On Tuesday 18th ‘Double Down News’ released a statement by Jeremy Corbyn outlining the reasons why he opposes vaccine mandates and passports and is concerned by the rise of centralised power:

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Like the press (who must have heard some rumours at the very least – we presume they didn’t get invites), the Metropolitan Police evidently paid no attention to the non-stop Downing Street shenanigans and despite the fact that a number of these events happened live on their CCTV cameras. Will this lack of police oversight be a matter for a future inquiry? I shouldn’t think so. But involving the police now makes Johnson’s position even less tenable. Imagine what might have happened had they acted with vigilance and propriety at the time. They didn’t, and again, I wouldn’t expect them to. It would be remarkably naive to seriously believe “nobody is above the law”.

That said, evidence of serious misconduct in office emerges all the time, whereas public indignation wanes quickly. It’s only when the press and the broadcast media help to whip up full-blown public fury by tenaciously sticking to the one story and repeating it over and over when the pressure eventually becomes insurmountable. Which happens, of course, only when the time is ripe.

Just ask former Health Secretary, Matt Hancock, who was eventually fired after it was revealed he was having an extramarital affair with his friend from university, Gina Coladangelo. He and Gina, Hancock’s self-appointed Special Advisor (something else he’d failed to declare!) were caught in the act: snogging after school and captured on leaked parliamentary CCTV tapes – not a very edifying spectacle! Who leaked the kompromat? Who cares! (Nobody seems to.)

Prior to Hancock’s “breach of social distancing restrictions”, he had been caught breaching other drinking curfews but, and far, far more importantly, he had been in flagrant violation of conflict of interest rules on countless occasions; perhaps most notoriously, doing deals for covid test equipment with a mate who runs the local pub.

But the trouble with Hancock was not his unprincipled behaviour or his recidivism, but his utter ineptitude; so much so that he became a constant source of embarrassment for Johnson and the Tories. When Dominic Cummings stepped up to accuse him of “criminal, disgraceful behaviour” adding that he should have been fired as Health Secretary for “at least fifteen to twenty things including lying to everyone on multiple occasions”, Hancock’s sacking finally became an inevitability.

Nevertheless, timing is absolutely key to these types of disclosures and following Cummings’ damning accusations, Hancock still managed to stagger on as Health Secretary for nearly a whole month before “snogging-gate” nailed him. That’s when it also came to light that Gina’s brother, Roberto Coladangelo, the Director of Partnering Health Limited (PHL Group) – a firm specialising in the provision of urgent and primary care services to NHS patients – had also won a whole string of NHS contracts during Hancock’s incumbency. You scratch my back…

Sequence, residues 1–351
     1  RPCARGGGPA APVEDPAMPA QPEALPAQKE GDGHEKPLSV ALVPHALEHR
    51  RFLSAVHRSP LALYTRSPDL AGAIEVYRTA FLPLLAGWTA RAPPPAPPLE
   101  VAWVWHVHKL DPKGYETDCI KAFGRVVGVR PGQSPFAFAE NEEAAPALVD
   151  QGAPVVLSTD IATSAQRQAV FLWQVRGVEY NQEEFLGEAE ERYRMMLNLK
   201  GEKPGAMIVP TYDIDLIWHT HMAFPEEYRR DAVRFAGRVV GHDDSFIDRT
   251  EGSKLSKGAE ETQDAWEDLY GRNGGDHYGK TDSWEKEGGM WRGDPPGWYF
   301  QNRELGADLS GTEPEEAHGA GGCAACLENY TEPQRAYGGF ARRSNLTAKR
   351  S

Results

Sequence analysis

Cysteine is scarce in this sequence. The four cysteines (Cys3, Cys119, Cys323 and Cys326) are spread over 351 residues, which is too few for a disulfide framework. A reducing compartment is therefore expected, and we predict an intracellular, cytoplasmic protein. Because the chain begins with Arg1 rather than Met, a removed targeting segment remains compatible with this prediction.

Coming back to “partygate”, and considering again the endless waves of government incompetence and the unholy stench of corruption, the biggest question clearly has to be why now? The probable answer being, of course, the one already provided in my comment above: that Johnson’s time is up.

As wrote back then, it was effectively up ever since Brexit was signed off, except that the covid crisis had kept him temporarily secure as PM. After all, nobody wishes to pick up a poisoned chalice; a problem hugely exacerbated by such egregious levels of government incompetence and corruption happening under his charge.

Because any prospective leadership contender – at least anyone serious about electoral success – needs to make a clean break: the chance to pass the buck to Johnson wholesale and excuse and/or limit their own perceived participation in past administrative failures under the reliable cover of plausible deniability. (Confident that once the deed is done, the party and most of the press will instantly have their back.)

For instance, here is Chancellor of the Exchequer, Rishi Sunak, trying hard to defend his partner-in-crime Boris – while keeping a respectful distance from any blame sharing – during a press conference on Tuesday 18th:

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So why now? Simple – and more or less explained above. The unstoppable spread of this thankfully mild omicron variant is doing what the vaccine rollout has largely failed to do and inoculating the entire population. By lucky chance, the pandemic is essentially over – and though the media has tried to say otherwise, this good news comes out regardless. Thus, with covid behind us, a clean political break becomes a viable option, which is presumably why Johnson’s enemies are suddenly so eager to strike, and determined to do so while the iron’s still hot. Politics is a perennially dirty business…

Following the accusations of parliamentary blackmail, ‘Novara Media’ delved into BBC archives (Westminster’s Secret Service 1995) to present footage of interviews with former Tory whips William Whitelaw and Tim Fortescue revealing how old school arm-twisting was done: